The question is what has made this film such a pivotal film in the Horror genre?  Is it the fact that The Shining was based off of a great book by Horror writer Stephen King? Is it the great screen play written by Kubrick and novelist Diane Johnson?  Did Kubrick create such a mood in his direction that fans are drawn into the film and thus thoroughly drawing the viewer in? Or was it simply the performances by the cast?

Personally it was a combination of all these things that make The Shining a horror film that will continue to scare viewers for some time to come.  Jack Nicholson stars as Jack Torrance who is an ex-teacher working on a writing career when we are introduced to his character. Torrance is interviewing for a position at the Overlook Hotel which will give him the opportunity for months of peace to pursue his writing. There is however one piece of information that had been left out of his initial interview for the job.  Torrance finds out what had happened to a previous caretaker’s twin girls, the wife and the caretaker himself.  This tragic tail can be considered to be a bit of foreshadowing of events to come.

Wendy Torrance, played by Shelley Duvall, is at home caring for her son who is not looking forward to the temporary move to the Outlook. Young Danny, played by Danny Lloyd, may have some insight to what is to come through his “invisible” friend.  We get a hint on how psychic Danny’s friend is when he predicts the phone call from his father saying he has gotten the job.  Is this another piece of information that needs to be filed aware for later?

The film is full of other scenes and acts of foreshadowing that helps the viewer follow along and gain more and more interest into the story.  The spirits of the Overlook seem to be after one thing as the movie progresses.  Their plan appears to be to get Jack to do something terrible to his family.  In one scene we find the ghost of the previous caretaker telling Jack what he must do to his family.  The spirit doesn’t tell him directly what to do but if the viewer remembers the story from the interview chills may come to you.

There is one thing in this film that viewers should try and pick up on.  It is that although the film appears to show us that they are interested in Jack there are scenes that drop hints that maybe Jack isn’t who they really want.  Just listen to the subtle phrases and words spoken when the spirits talk about young Danny.  They are quite intrigued by his gifts and at times you may wonder is there a reason they want Jack to kill his family?  Do they have something in mind for Danny or that special gift we find out about?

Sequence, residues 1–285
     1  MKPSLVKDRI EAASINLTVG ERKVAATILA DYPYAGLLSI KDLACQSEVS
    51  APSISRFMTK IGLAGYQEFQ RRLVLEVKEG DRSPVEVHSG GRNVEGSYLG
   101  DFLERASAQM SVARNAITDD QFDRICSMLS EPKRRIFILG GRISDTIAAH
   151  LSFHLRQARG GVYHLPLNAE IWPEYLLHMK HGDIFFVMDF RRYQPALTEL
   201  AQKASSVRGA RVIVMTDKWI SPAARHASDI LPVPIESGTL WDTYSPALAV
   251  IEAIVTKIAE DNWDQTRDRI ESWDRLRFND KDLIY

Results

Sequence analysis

The Shining is simply a masterful film.  The plot, the acting, and the direction are equally important to any viewer of this film.  Jack Nicholson’s acting as his character dives head first into madness is masterful. The is no doubt as we watch this quiet man fall to each of his own personal demons.  Be it giving into his aggressive behavior or sudden wish to begin drinking again.  The spirits are able to push each of Jack’s magical buttons to further his decent.  Be it an agreeable ear from a bartender or the advice of a long dead caretaker.  Either way Jack becomes a puppet to the wishes of the spirits and will by the end of the film is willing to do ANYTHING to show he is worth all their trouble.

The Shining is a film that Horror fans should enjoy and treasure.  The DVD version of the film shows us a sneak peak into the making of the film as Kubrick’s teenage daughter  shot a documentary of the making of the film. Fortunately for fans this documentary is on the DVD and should be equally enjoyed as the film.

The most interesting piece about this film is that it’s original release was slow.  It was only the word of mouth that drove this film to become the success it has become. So, follow the example that was previously shared and spread the word on this film.  If you, or friends, have not seen this Horror Classic then take some time and sit back and watch The Shining.  Hopefully you will find it to be a film that all you want to do is spread the word and help introduce the film to a generation that has yet to see it.